Chronic stress can serve as a “silent killer,” throwing the immune system, digestive tract, metabolism, and hormones are out of whack.

Specifically, stress can mess with reproductive hormone balance. This is because evolutionarily, reproductive health is less of a priority when the body perceives a threat to survival. To really understand this, let’s unpack the primary players of stress and hormone regulation in the body and how exactly they are affected by stress.

The hypothalamic-pituitary-adrenal axis (HPA-axis) is a feedback and regulatory system for how the body responds to stress. And directly within the HPA-axis, each gland has sexual hormone influence. In fact, the reproductive influence on the stress axis is now referred to as the HPG-axis, where instead of adrenal as the primary target, the gonads or sexual organs are.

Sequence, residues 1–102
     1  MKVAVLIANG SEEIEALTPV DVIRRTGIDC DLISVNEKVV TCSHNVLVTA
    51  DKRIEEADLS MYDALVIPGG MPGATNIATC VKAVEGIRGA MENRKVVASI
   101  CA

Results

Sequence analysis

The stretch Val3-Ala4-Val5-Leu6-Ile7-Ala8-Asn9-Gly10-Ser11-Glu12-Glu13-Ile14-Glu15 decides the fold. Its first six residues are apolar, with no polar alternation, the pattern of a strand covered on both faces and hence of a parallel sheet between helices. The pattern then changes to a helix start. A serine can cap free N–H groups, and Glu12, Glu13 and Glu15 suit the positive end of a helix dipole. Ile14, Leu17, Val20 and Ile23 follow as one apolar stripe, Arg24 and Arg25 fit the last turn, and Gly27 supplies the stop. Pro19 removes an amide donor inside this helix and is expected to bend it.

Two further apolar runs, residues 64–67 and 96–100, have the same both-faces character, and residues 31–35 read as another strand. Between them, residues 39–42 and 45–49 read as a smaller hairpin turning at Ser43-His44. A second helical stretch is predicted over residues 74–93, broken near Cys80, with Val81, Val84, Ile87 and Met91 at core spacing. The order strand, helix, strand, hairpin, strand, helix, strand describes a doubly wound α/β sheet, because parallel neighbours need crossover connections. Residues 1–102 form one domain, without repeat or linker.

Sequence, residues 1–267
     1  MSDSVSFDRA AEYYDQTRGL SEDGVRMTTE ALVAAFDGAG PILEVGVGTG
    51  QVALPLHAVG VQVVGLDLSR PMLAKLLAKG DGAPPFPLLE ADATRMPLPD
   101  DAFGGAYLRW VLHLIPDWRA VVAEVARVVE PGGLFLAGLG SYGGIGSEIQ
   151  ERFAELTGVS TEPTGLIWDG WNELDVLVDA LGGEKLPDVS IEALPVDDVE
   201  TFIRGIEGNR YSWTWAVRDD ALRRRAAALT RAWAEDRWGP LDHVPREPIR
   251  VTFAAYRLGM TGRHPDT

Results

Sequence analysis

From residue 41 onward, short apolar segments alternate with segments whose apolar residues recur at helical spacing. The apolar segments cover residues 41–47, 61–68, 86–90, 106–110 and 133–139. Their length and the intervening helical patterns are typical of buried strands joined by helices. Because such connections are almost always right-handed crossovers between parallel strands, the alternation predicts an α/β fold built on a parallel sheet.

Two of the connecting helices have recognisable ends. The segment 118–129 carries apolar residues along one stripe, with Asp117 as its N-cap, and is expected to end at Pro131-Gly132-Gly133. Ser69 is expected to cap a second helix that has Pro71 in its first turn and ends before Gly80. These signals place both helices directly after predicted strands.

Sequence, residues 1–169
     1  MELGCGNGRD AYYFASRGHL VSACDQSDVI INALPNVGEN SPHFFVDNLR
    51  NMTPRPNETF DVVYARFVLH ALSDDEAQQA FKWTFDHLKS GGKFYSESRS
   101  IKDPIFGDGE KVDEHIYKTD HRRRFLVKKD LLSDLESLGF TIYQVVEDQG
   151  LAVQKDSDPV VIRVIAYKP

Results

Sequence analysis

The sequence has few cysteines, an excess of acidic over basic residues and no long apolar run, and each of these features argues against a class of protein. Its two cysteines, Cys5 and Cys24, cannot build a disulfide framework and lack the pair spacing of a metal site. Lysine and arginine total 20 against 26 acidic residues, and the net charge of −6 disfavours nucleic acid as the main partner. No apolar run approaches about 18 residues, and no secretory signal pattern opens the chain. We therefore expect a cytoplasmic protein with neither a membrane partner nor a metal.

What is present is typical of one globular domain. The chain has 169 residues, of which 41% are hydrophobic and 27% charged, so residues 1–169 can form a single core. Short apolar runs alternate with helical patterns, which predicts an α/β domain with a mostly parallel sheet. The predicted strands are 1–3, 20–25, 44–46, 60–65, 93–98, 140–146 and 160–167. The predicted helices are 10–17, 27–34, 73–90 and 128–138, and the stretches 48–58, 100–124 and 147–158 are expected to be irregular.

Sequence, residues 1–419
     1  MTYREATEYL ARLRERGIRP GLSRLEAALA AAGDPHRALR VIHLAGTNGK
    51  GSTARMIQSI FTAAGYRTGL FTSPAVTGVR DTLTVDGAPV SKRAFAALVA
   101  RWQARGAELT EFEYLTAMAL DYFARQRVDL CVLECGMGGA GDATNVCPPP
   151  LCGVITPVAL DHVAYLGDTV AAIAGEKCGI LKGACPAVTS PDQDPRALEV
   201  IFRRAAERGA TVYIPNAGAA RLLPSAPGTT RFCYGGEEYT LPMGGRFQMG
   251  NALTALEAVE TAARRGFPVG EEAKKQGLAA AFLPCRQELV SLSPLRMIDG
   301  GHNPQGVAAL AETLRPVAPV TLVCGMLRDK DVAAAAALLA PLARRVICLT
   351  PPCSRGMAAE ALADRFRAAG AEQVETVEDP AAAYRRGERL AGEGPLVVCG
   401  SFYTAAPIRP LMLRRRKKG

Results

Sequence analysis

When the body is in a balanced state and does not perceive a threat, the HPA-axis and the HPG-axis work side by side allowing each other to express as needed to balance the body in optimal health. The hypothalamus produces gonadotropin-releasing hormone (GnRH), which stimulates the production of testosterone, estrogen, and progesterone. GnRH also stimulates the pituitary in release of follicular-stimulating hormone (FSH), luteinizing hormone (LH), and oxytocin, which play a role in egg release, sperm production, and orgasm, as well as follicular health for continued hormone production.

However, when the body is under stress, the HPA-axis takes the reins and the brain makes a hormone that stimulates the adrenal glands instead of the sexual organs. Reproductive functions are suppressed, which may be experienced as the loss of menstruation, PCOS, infertility, low libido, erectile dysfunction, hot flashes, and weight gain.

Elevated levels of cortisol interfere with sexual hormone expression in various unfavorable ways. For starters, blood sugar levels may become imbalanced, driving excess insulin and insulin resistance as well as increase body fat storage.